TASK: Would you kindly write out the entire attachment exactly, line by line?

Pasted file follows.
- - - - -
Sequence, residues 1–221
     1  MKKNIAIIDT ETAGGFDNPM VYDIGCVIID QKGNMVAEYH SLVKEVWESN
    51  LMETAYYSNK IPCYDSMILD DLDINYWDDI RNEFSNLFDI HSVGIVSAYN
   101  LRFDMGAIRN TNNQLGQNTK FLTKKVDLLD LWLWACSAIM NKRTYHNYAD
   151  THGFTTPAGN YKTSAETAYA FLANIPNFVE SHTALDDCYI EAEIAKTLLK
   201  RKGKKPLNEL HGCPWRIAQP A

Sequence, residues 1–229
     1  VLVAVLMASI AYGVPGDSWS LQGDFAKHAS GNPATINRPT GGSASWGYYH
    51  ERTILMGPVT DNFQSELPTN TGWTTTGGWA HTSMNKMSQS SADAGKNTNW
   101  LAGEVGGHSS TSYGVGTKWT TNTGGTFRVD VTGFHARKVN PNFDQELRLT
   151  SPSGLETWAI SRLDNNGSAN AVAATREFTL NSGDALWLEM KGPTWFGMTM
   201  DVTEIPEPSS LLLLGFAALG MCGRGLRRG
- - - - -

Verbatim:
Sequence, residues 1–221
     1  MKKNIAIIDT ETAGGFDNPM VYDIGCVIID QKGNMVAEYH SLVKEVWESN
    51  LMETAYYSNK IPCYDSMILD DLDINYWDDI RNEFSNLFDI HSVGIVSAYN
   101  LRFDMGAIRN TNNQLGQNTK FLTKKVDLLD LWLWACSAIM NKRTYHNYAD
   151  THGFTTPAGN YKTSAETAYA FLANIPNFVE SHTALDDCYI EAEIAKTLLK
   201  RKGKKPLNEL HGCPWRIAQP A

Sequence, residues 1–229
     1  VLVAVLMASI AYGVPGDSWS LQGDFAKHAS GNPATINRPT GGSASWGYYH
    51  ERTILMGPVT DNFQSELPTN TGWTTTGGWA HTSMNKMSQS SADAGKNTNW
   101  LAGEVGGHSS TSYGVGTKWT TNTGGTFRVD VTGFHARKVN PNFDQELRLT
   151  SPSGLETWAI SRLDNNGSAN AVAATREFTL NSGDALWLEM KGPTWFGMTM
   201  DVTEIPEPSS LLLLGFAALG MCGRGLRRG